CPR program highlights quick action to save lives
By BRITTANY TATE The Brunswick News
Nicole Fairfield has been passionate about saving lives for some time now.
"My mother-in-law passed away in February 2011. She was trained in CPR and so is my father-in-law. However, she suffered a sudden cardiac arrest, and no one was there to help her. She had the warning signs, but no one recognized them," Fairfield said.
That same month, the Coastal Health and Safety Associates was founded, in which Fairfield is the lead instructor.
The local team of professional fire, EMS and aquatics instructors has been educating residents on the importance of safety training. Now, the organization is working to make Glynn County safer for those suffering from cardiovascular-related events.
"HEARTSafe Communities help save lives by improving response and care for cardiac arrest victims," Fairfield said. "The primary goal of these programs is to increase the survival rates from out-of-hospital cardiac arrests and to create better systems of care for cardiac arrest patients. To do this we need to increase bystander CPR response rates, improve CPR performance and shorten the time to defibrillation."
Created in 2002 in New England, HEARTSafe Communities focus on improving the cardiovascular health of victims by enhancing awareness of CPR and Hands-Only CPR and educating the community on automatic external defibrillators. Fairfield says this will save lives and reduce the number of deaths and disabilities associated with cardiac arrest.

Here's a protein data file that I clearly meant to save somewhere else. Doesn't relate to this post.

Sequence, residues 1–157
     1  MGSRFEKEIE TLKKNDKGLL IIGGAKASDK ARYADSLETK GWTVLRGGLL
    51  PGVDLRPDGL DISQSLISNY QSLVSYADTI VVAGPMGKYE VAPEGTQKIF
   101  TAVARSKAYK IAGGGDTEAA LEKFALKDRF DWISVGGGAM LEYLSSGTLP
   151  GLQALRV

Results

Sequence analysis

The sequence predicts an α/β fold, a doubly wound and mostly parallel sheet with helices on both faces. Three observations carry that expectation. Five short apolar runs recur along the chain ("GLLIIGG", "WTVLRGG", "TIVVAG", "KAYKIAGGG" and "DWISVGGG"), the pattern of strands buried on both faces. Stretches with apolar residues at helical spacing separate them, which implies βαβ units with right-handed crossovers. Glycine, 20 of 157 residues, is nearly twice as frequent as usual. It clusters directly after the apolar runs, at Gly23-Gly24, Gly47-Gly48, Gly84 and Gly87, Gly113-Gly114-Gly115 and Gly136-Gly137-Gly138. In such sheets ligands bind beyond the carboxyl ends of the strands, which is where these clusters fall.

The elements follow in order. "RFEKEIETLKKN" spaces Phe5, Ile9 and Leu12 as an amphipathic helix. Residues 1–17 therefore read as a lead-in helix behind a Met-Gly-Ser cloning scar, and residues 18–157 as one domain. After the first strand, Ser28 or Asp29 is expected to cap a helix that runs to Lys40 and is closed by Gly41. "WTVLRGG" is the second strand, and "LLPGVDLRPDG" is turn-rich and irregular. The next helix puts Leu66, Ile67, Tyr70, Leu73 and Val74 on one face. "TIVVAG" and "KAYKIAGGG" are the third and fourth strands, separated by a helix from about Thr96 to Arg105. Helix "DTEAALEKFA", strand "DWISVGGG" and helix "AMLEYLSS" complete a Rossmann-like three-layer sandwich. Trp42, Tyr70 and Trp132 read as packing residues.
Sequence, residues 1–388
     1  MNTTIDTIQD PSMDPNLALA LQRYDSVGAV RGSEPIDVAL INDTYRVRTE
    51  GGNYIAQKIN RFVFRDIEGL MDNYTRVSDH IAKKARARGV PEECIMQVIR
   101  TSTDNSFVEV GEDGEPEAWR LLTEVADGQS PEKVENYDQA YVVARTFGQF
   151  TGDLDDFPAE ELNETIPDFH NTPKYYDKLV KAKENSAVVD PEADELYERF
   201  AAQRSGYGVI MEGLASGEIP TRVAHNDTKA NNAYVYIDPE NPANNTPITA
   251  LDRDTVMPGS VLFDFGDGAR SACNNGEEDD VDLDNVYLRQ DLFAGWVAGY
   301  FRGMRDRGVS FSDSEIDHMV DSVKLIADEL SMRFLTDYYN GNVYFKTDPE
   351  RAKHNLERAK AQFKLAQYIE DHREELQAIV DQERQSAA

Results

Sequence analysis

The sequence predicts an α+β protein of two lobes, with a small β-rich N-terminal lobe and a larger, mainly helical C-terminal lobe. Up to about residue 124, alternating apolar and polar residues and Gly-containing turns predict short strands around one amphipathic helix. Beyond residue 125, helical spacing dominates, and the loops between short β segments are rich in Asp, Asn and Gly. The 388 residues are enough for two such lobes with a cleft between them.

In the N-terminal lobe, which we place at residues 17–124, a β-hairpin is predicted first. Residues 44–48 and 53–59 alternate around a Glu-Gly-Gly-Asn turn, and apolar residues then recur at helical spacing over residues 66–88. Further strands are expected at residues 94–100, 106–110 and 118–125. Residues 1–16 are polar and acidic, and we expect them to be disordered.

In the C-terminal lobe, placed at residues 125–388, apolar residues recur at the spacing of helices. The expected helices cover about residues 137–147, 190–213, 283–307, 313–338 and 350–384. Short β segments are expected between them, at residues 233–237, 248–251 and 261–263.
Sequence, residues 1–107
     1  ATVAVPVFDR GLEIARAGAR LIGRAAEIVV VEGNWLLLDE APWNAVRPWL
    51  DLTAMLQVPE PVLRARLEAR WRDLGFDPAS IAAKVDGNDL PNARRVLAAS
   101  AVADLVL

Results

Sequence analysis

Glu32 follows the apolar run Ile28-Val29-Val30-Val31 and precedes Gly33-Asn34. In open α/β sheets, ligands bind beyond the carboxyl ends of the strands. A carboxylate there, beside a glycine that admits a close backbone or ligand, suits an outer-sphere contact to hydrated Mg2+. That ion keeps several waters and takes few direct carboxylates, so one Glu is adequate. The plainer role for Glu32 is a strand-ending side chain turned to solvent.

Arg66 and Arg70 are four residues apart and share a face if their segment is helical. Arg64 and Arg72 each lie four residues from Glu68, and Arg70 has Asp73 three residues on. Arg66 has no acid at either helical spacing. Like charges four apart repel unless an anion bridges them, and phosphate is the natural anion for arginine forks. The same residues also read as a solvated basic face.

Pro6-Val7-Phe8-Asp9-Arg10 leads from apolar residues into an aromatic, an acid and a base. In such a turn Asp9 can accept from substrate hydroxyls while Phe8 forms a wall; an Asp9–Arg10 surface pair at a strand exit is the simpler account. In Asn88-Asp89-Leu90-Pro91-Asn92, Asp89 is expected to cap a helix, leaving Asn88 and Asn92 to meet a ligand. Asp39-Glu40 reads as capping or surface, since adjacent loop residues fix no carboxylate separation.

Research has found cardiac arrest is the No. 1 killer in the nation, claiming more than 325,000 lives each year. Eighty-eight percent of the attacks are in the home. A lack of medical treatment within the first four to six minutes of an attack can increase the risk of death.
While calling for emergency assistance is a first step to receiving adequate help for a loved one, use of CPR and defibrillation during the first six minutes can save their lives.
In fact, there is a Cardiac Chain of Survival that can help to increase a victim's chance of survival. The steps include early recognition of cardiac arrest and early activation of the emergency response; early CPR; early defibrillation; and early advanced medical care.
Fairfield says skipping a link in the chain can lead to cardiac death.
"I had a woman come to my CPR class one day. She had lost her mother earlier that year from sudden cardiac arrest. This woman witnessed her mother go into cardiac arrest...(but) instead of recognizing it and calling 911, she drove to Glynn Immediate Care," she said. "When she arrived, high-quality CPR was initiated by the doctors, 911 was called, EMS arrived and took over care, and her mother made it to Southeast Georgia Health System and was taken up to the cardiac floor. However, missing the first three links is what caused brain damage. She did not receive early CPR or early defibrillation because step one was missing."
Though the program is focusing on the community as a whole, the American Heart Association and Emergency Cardiac Care for Georgia are trying to get the state to pass a law requiring all high school students to learn CPR before they graduate. This idea suggests the students will carry what they've learned from CPR courses into their adult lives, which will prepare them for CPR-related situations.
Fairfield hopes bringing the program to Glynn County will raise awareness, provide further opportunities to improve cardiovascular health and decrease the death rate.
"I am hoping with education we will have more businesses that have automatic external defibrillator. With more AEDs, we can shorten the time of defibrillation by having it started before EMS arrives," she said. "I don't want anyone to lose a loved one that was not given the chance to make it when we have the skills and ability to save them."
Currently there are 91 HEARTSafe Communities in the U.S.